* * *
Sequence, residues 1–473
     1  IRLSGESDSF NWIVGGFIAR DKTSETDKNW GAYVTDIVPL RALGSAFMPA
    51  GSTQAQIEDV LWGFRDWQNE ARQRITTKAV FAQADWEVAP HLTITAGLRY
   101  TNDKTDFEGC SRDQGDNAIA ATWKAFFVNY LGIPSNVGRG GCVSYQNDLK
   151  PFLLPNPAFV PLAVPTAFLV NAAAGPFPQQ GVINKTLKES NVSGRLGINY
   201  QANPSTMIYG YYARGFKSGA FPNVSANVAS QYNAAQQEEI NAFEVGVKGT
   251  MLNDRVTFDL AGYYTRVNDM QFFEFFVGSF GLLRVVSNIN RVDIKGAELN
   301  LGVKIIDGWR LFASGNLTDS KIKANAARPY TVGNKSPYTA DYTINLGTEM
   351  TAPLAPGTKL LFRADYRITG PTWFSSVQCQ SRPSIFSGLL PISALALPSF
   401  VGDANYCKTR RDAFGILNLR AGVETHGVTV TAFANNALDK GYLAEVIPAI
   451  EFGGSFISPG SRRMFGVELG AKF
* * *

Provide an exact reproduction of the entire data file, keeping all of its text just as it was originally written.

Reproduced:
Sequence, residues 1–473
     1  IRLSGESDSF NWIVGGFIAR DKTSETDKNW GAYVTDIVPL RALGSAFMPA
    51  GSTQAQIEDV LWGFRDWQNE ARQRITTKAV FAQADWEVAP HLTITAGLRY
   101  TNDKTDFEGC SRDQGDNAIA ATWKAFFVNY LGIPSNVGRG GCVSYQNDLK
   151  PFLLPNPAFV PLAVPTAFLV NAAAGPFPQQ GVINKTLKES NVSGRLGINY
   201  QANPSTMIYG YYARGFKSGA FPNVSANVAS QYNAAQQEEI NAFEVGVKGT
   251  MLNDRVTFDL AGYYTRVNDM QFFEFFVGSF GLLRVVSNIN RVDIKGAELN
   301  LGVKIIDGWR LFASGNLTDS KIKANAARPY TVGNKSPYTA DYTINLGTEM
   351  TAPLAPGTKL LFRADYRITG PTWFSSVQCQ SRPSIFSGLL PISALALPSF
   401  VGDANYCKTR RDAFGILNLR AGVETHGVTV TAFANNALDK GYLAEVIPAI
   451  EFGGSFISPG SRRMFGVELG AKF